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Case Report

Havana Syndrome: Social Contagion or Mass Psychogenic Illness?

Arlen Gaba, BS, and Sahil Munjal, MD

Published: March 7, 2024

Havana syndrome, a controversial condition primarily affecting American diplomats in Cuba and China between 2016 and 2018, presents with symptoms including tinnitus, headaches, vertigo, and altered cognitive function. The etiology remains unclear, with proposed causes ranging from pulsed radiofrequency waves to communicable infectious diseases like Zika to psychological disorders.1 The limited diagnostic clarity in the medical literature has led to significant US government investment in research of this condition.2 In light of that research, we report a case of a patient with self-reported Havana syndrome, highlighting the associated treatment challenges.

Case Report

A 50-year-old woman with no relevant psychiatric history was admitted to the emergency department due to a lower extremity laceration injury from a motor vehicle accident. The psychiatry department assessed her for paranoid ideations concerning radiation and pulsating radiofrequency waves that prevented her from entering the operating room for wound closure. She had prior concerns of paranoia and delusional disorder, reporting intelligence agency persecution requiring brief hospitalization, but no formal diagnosis or medication, as she was not deemed a danger to herself or others. She reported 2 years of persistent somatic symptoms of vertigo, headache, and palpitations, which she attributed to Havana syndrome. She recalled that symptoms began in the basement of her old home, due in part to electrical waves from powerlines. Previous records indicated the use of bizarre garb such as protective vests and yoga mats to shield her from radiofrequency waves. She lacked ties to government entities, had limited family support, and had been unemployed for an extended period following a previous accident. She had not traveled internationally or in locales with governmental reports of the syndrome.

She screened negative for depression, anxiety, mania, and psychosis. No evidence of delirium, acute intoxication, or primary thought disorders was evident. During the assessment, and multiple other engagements with social work, we obtained collateral reports from online acquaintances who supported the patient’s self-diagnosis of Havana syndrome and claimed to have similar symptoms. Frequently, the patient shared live medical interactions on Facebook, which was believed to be the same support group from whom the patient requested us to obtain additional collateral information. Ultimately, she refused surgical closure and was subsequently discharged.


Havana syndrome has garnered widespread media attention, and its symptoms have been widely disseminated in the news and in online forums. Beyond diplomats, tourists also reported similar symptoms after visiting affected hotels, marking the emergence of non-diplomatic cases.3 Experts in psychogenic mass illness have drawn parallels between this syndrome and historical instances of “shellshock,” suggesting that many new cases resulted from suggestion after exposure when treated in clinics specializing in the somatic complaints.4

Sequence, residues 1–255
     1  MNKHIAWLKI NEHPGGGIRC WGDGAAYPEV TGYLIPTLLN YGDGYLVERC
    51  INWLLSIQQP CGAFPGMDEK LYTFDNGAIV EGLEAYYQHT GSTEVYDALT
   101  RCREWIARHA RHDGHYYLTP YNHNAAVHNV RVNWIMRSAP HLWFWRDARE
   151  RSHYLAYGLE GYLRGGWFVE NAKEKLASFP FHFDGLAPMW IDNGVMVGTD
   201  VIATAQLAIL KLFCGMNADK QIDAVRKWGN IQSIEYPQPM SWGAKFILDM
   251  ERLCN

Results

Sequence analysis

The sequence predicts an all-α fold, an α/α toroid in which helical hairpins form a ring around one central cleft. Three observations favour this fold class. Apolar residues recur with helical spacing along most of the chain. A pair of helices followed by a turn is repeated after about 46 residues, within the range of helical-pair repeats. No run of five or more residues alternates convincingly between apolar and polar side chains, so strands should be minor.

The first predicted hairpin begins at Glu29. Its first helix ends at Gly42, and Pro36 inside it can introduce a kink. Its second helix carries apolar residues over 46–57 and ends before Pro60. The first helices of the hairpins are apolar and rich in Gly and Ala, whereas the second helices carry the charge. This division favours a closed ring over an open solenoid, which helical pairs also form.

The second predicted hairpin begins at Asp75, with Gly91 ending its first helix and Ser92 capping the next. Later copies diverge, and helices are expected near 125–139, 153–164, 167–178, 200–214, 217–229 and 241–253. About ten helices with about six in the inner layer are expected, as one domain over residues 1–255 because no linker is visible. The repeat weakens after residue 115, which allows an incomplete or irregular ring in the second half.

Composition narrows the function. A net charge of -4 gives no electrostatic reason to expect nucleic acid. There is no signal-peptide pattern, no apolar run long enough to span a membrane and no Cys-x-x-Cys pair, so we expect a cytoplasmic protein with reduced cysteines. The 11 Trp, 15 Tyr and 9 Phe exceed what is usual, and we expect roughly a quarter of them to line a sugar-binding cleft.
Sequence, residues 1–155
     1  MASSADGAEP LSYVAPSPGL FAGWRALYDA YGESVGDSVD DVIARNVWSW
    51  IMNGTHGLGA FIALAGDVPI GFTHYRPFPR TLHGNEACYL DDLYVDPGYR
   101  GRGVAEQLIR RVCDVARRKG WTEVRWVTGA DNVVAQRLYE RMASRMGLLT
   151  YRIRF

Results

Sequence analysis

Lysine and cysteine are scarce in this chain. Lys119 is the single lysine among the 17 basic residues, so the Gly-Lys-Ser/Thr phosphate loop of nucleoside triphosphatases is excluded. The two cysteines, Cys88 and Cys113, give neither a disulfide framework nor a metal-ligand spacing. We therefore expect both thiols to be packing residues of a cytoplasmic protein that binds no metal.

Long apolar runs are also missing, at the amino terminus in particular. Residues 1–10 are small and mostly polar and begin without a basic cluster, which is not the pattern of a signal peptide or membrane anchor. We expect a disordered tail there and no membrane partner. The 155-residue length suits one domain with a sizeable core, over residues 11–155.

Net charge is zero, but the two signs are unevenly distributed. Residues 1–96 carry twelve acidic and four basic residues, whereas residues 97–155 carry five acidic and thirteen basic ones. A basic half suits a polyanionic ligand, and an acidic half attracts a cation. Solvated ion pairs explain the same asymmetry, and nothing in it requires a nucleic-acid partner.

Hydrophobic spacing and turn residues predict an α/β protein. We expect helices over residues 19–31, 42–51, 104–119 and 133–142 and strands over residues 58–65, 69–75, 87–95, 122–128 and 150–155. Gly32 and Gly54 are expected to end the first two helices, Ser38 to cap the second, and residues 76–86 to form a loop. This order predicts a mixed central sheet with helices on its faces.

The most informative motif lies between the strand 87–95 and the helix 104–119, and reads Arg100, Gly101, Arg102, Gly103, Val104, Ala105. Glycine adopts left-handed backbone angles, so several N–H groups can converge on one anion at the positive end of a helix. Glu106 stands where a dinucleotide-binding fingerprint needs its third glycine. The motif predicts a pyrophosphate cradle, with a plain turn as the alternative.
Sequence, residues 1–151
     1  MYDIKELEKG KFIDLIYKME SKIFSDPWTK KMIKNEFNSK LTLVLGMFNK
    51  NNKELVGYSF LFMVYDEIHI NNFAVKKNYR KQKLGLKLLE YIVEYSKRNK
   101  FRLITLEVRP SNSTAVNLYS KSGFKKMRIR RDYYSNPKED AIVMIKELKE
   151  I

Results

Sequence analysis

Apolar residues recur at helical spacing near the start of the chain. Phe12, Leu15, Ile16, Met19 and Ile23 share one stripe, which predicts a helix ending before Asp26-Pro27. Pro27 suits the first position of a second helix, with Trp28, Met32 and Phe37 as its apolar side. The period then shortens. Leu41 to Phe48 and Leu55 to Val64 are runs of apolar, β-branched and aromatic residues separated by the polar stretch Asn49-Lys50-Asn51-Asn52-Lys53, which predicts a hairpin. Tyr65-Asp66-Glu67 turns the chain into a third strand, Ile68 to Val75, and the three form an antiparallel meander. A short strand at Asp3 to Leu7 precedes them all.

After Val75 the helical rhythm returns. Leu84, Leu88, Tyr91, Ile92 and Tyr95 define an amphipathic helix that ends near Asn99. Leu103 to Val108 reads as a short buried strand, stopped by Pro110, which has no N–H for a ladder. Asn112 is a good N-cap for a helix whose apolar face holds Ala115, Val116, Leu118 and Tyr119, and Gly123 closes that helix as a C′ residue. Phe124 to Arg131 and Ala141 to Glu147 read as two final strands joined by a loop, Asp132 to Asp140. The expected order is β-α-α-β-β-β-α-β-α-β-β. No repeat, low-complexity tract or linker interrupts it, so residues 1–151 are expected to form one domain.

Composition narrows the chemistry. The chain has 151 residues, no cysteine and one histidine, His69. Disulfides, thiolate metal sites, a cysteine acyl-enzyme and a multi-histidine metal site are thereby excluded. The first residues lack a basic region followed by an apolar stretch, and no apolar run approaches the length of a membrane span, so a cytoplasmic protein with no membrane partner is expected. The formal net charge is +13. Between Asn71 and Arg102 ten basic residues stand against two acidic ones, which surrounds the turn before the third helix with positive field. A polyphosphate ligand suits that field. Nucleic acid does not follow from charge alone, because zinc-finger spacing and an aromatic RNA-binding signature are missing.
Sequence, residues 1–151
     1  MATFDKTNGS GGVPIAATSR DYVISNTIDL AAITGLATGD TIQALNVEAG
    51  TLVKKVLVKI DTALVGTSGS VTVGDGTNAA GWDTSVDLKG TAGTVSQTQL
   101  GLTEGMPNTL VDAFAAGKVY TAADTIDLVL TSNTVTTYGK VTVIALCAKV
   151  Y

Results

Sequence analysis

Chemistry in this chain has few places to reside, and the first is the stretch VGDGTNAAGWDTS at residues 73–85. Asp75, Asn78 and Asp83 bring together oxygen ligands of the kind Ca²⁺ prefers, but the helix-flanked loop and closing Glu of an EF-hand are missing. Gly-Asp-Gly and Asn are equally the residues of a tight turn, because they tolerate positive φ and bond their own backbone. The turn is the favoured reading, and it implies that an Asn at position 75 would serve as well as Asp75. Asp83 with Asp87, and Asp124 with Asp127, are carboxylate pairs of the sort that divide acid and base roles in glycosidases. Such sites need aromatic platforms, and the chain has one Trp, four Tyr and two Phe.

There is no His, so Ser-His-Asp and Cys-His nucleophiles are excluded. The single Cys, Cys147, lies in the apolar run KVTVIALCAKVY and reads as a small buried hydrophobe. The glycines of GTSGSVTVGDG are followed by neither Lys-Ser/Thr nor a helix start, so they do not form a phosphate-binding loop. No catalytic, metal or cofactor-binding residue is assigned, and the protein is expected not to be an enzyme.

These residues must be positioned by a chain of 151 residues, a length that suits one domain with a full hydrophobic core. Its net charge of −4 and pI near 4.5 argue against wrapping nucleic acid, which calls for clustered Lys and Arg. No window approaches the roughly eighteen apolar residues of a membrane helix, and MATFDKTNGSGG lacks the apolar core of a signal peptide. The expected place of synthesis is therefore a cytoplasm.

Psychogenic illness is not described in the DSM-5; the DSM-IV-TR previously referenced “epidemic hysteria” in the discussion of conversion disorder.5,6 Delusional disorder in the DSM-5 is described as an inaccurate interpretation of external reality despite evidence on the contrary; the belief is incongruent with one’s culture or subculture.5,7 Despite absent formal psychiatric recognition, social scientists recognize mass psychogenic illness through the lens of social contagion, defined as the spontaneous dissemination of emotions, behavior, or conditions within a network.8

Our patient had not previously met criteria for delusional disorder or conversion disorder. Absent of psychiatric diagnosis, she also had weak social ties and relied on online platforms and acquaintances that reinforced her beliefs about her illness. More poorly connected online users are more likely to notice and act on information, making them very susceptible to social contagion.9 In our patient’s case, a blend of predisposition to paranoid thoughts, online social contagion mimicking potential psychogenic illness, and a notably lacking support system of credible close acquaintances likely influenced her presentation.

As Havana syndrome continues to remain elusive in its origin, clinicians must recognize that it may not be limited to diplomats and could manifest in patients vulnerable to delusions or paranoia, exacerbated by online social contagion. Although we cannot definitively attribute our patient’s experience to delusions or organic pathology, patients reporting somatic symptoms may face unique challenges if their beliefs hinder medical treatment, as observed in this case.

Article Information

Published Online: March 7, 2024.
© 2024 Physicians Postgraduate Press, Inc.
Submitted: September 4, 2023; accepted: November 20, 2023.
To Cite: Gaba A, Munjal S. Havana syndrome: social contagion or mass psychogenic illness? Prim Care Companion CNS Disord. 2024;26(2):23cr03640.
Author Affiliations: Wake Forest University School of Medicine, Winston Salem, North Carolina (all authors); Department of Psychiatry, Wake Forest University School of Medicine, Winston Salem, North Carolina (Munjal).
Corresponding Author: Arlen Gaba, BS, 1 Medical Center Blvd, Winston-Salem, NC 27103 (
Relevant Financial Relationships: None.
Funding/Support: None.
Additional Information: The information presented in this case report has been de-identified to protect patient anonymity.

Volume: 26

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